Friday, March 14, 2008

The Myth of Progress

Perhaps the greatest damage from Darwinism has been the widespread adoption of the myth of progress. That is, the idea that things are always getting better. For an excellent (non-religious) examination of this, read "Lies my Teacher Told Me".

This myth is generally understood in the form of an exponential curve:

This shows three different exponential curves, with slightly varying rates. Even a small change in the rate has huge effects over time. Curves like this have been made popular by the success of computer companies, like Intel. Many aspects of computer power (or at least transistors per die) are doubling every eighteen to twenty-four months.

Seeing these sorts of curves can cause one to discount the value of the past. And provides plenty of stress, worrying about the future (heat and power consumption, population).

Let's look at another curve:

This is a sigmoid (specifically, the inverse tangent). Just before the midpoint, it looks like an exponential curve. Living through it, it's impossible to tell if the curve is an exponential, or a sigmoid. The future outcomes are radically different (first world population has turned out to be more sigmoid, where exponential predictors forecast doom).

My point is, people make claims of progress through evolution:
1e9 Evolution of stars
1e8 Evolution of life
1e7 Evolution of mammals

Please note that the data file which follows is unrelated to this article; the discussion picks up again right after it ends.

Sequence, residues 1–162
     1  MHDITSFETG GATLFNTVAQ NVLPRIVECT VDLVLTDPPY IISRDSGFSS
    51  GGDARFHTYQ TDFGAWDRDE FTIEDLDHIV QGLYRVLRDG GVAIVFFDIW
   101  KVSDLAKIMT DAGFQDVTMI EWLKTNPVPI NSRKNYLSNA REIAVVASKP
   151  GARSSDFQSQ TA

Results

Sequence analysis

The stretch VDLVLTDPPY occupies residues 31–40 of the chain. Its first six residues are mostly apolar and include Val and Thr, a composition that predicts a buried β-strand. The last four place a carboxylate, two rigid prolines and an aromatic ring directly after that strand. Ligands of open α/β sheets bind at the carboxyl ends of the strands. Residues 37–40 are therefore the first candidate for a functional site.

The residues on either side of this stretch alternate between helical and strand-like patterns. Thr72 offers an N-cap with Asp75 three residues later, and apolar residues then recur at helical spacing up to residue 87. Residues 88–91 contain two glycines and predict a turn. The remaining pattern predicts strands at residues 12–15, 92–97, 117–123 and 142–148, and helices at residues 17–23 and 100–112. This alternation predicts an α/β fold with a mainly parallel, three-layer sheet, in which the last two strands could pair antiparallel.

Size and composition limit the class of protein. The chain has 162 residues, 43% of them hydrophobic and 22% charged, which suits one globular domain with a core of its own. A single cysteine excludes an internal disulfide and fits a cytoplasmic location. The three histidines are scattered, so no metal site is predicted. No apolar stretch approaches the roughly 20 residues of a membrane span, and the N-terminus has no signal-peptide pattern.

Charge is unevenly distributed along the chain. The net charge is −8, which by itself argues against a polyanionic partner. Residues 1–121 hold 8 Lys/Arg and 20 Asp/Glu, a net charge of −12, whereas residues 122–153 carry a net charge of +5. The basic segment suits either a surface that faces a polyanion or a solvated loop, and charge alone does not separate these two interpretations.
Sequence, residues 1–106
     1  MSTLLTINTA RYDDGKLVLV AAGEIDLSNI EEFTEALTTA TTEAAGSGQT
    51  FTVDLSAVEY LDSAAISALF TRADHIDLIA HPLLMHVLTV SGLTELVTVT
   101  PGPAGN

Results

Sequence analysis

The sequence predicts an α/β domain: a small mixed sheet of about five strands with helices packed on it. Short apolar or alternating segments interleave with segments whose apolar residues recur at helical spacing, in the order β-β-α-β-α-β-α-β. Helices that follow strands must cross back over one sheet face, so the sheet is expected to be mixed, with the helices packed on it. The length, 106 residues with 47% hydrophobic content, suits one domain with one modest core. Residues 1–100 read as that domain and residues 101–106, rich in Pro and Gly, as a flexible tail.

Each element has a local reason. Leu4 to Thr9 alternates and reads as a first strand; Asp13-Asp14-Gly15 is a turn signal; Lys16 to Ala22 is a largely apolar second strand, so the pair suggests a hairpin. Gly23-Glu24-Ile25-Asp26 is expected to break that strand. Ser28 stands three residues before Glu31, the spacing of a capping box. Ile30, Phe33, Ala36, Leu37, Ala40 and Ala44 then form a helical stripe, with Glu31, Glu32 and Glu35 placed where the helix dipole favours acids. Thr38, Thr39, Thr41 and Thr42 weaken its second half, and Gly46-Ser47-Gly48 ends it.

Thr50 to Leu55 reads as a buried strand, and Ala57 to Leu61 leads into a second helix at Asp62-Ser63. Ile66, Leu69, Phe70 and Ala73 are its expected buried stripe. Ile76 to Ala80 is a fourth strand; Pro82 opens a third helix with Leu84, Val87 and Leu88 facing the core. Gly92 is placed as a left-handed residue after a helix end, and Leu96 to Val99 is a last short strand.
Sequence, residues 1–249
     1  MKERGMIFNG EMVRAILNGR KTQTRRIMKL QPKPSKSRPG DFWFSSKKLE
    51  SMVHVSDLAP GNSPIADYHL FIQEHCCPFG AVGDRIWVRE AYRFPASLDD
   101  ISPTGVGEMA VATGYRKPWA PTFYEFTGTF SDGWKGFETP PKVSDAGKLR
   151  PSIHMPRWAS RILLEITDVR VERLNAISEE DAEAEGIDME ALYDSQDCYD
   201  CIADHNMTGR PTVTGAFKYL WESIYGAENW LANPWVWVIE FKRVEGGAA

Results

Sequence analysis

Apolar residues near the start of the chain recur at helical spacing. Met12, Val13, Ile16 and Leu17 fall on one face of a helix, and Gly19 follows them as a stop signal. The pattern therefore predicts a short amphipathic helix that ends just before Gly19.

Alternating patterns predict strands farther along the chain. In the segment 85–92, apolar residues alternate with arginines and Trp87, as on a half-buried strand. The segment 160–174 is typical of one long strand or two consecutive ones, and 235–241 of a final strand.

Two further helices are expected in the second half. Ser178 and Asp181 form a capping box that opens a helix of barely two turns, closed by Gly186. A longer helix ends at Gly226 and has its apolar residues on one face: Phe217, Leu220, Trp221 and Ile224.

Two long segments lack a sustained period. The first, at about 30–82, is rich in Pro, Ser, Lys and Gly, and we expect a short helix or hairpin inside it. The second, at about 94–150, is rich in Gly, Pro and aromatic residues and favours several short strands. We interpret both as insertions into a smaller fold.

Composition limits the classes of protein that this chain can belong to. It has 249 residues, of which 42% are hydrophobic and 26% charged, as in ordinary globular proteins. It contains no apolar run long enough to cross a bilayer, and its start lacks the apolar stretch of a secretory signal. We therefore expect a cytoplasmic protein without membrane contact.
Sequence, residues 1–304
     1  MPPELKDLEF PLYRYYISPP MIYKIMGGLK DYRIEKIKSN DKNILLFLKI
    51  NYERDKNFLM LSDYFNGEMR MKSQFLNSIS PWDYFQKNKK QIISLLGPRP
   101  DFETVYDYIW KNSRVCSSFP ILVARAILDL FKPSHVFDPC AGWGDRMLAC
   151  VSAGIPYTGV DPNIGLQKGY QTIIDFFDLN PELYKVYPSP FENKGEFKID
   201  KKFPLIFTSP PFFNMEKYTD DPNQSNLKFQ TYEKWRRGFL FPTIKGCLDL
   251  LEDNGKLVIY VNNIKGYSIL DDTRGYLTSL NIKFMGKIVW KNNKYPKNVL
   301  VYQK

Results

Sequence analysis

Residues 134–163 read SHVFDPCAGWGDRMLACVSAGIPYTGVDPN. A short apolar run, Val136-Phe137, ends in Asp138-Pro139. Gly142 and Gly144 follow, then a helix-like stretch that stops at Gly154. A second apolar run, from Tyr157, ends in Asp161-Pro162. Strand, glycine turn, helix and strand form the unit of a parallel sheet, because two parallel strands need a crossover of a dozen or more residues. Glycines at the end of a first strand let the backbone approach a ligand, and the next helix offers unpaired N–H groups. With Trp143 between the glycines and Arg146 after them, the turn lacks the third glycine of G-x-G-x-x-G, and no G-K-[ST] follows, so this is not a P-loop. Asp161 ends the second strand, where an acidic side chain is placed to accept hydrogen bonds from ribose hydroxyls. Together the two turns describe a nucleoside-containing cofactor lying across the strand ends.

1e6 Evolution of humans
1e5 Evolution of language
1e4 Evolution of culture
1e3 Evolution of civilization
1e2 Evolution of modern technology
1e1 Human lifespan

This is an exponential curve. Curves like this were the basis for belief in future utopias (in a few generations, humans will "evolve" into a better state).

Of course, any student of Santayana knows that the history of human nature looks more like this:

Of course, you could just read the Bible: "[there is] no new [thing] under the sun." (Ecclesiastes 1:9c - Solomon about 3,000 years ago...).


GCT said...

"Perhaps the greatest damage from Darwinism has been the widespread adoption of the myth of progress. That is, the idea that things are always getting better."

Evlution says no such thing, so you've wasted the rest of your argument on a straw man.

nedbrek said...

The theory says no such thing, but that hasn't stopped lay people from applying it in other ways.

Have you read "Lies"?

GCT said...

So, if you agree that evolution says no such thing, then you agree that your argument is based on a straw man?

I have not read "Lies." Who wrote it? What's it about?

nedbrek said...

It's not a question of what evolution says. It's a question of what myth has propagated among the general population.

The book is by James W. Loewen. It is a review of American history textbooks. It covers how history is being shaped into a story of progress in American life (glossing over setbacks to the civil rights movement during Wilson's administration being a large part of it).

GCT said...

Yes, history is shaped after the fact. We learn more and more, however, by studying. That said, I would reject the idea that human nature is cyclical. We no longer think that genocide (most of us at least) is all right. We no longer feel that rape is all right. It's no longer OK to discriminate (for most people at least).